Staff Publications

Staff Publications

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    'Staff publications' is the digital repository of Wageningen University & Research

    'Staff publications' contains references to publications authored by Wageningen University staff from 1976 onward.

    Publications authored by the staff of the Research Institutes are available from 1995 onwards.

    Full text documents are added when available. The database is updated daily and currently holds about 240,000 items, of which 72,000 in open access.

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Record number 303068
Title Reduction of duplication in a Brassica oleracea germplasm collection
Author(s) Hintum, Th.J.L. van; Boukema, I.W.; Visser, D.L.
Source Genetic Resources and Crop Evolution 43 (1996)4. - ISSN 0925-9864 - p. 343 - 349.
DOI https://doi.org/10.1007/bf00132954
Department(s) Centrum voor Plantenveredelings- en Reproduktieonderzoek
Publication type Refereed Article in a scientific journal
Publication year 1996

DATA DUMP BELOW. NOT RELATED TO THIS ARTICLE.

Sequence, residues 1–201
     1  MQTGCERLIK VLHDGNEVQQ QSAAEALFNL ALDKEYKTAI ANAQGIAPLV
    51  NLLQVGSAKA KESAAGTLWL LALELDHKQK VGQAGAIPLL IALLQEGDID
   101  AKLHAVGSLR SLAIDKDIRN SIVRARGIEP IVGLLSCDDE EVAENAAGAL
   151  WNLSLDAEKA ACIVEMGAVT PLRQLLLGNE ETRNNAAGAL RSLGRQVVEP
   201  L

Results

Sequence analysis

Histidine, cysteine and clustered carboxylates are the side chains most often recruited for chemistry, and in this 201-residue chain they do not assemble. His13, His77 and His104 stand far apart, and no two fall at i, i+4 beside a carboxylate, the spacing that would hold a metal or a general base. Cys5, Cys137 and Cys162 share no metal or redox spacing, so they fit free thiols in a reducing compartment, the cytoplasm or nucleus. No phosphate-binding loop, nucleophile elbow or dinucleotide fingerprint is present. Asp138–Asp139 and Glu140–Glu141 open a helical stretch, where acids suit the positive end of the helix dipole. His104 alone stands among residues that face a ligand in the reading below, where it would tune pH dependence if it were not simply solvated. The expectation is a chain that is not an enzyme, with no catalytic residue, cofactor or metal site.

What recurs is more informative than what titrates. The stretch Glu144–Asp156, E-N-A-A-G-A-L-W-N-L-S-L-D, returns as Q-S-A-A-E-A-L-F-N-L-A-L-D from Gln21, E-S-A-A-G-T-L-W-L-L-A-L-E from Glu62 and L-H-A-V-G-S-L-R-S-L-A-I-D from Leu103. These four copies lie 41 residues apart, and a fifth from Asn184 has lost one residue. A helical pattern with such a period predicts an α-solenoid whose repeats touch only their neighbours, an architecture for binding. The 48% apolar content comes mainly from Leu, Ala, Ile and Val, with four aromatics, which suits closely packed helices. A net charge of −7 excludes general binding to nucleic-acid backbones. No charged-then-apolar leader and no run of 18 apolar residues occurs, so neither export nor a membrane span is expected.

Abstract To reduce the number of accessions in the Brassica oleracea collection of the Centre for Genetic Resources The Netherlands (CGN) groups of accessions were bulked. Accessions in a group were selections from the same landrace or old variety, and were chosen, with the help of crop experts, on the basis of their history and morphology. Since this approach was received rather sceptically in the genebank community, a genetical analysis of some of the groups and their components (named varieties) was made to justify the procedures. A selection of white cabbage and Brussels sprouts, representing two crop types of B. oleracea, was made: eleven white cabbage groups comprising 43 components, and nine Brussels sprouts groups comprising 24 components. Each group and all of its components were described on the basis of electrophoresis of nine isoenzymes on 30 plants. Most components were rightly classified; 16 percent were misclassified. All these misclassifications were within similar groups. It could be concluded that pooling of the components included in this study was justified. In two cases the isozymic patterns suggested that the groups could even have been larger. Only in the case of the two groups of Brussels sprouts 'Bedfordshire' this was a real option. In the other case involving the white cabbage groups 'Langedijker Bewaar Gewoon', 'Langedijker Bewaar Graag' and 'Late Herfstdeen' this was not an option since these landraces, although having a common genetic background, clearly have a distinct identity as defined by morphology and history.
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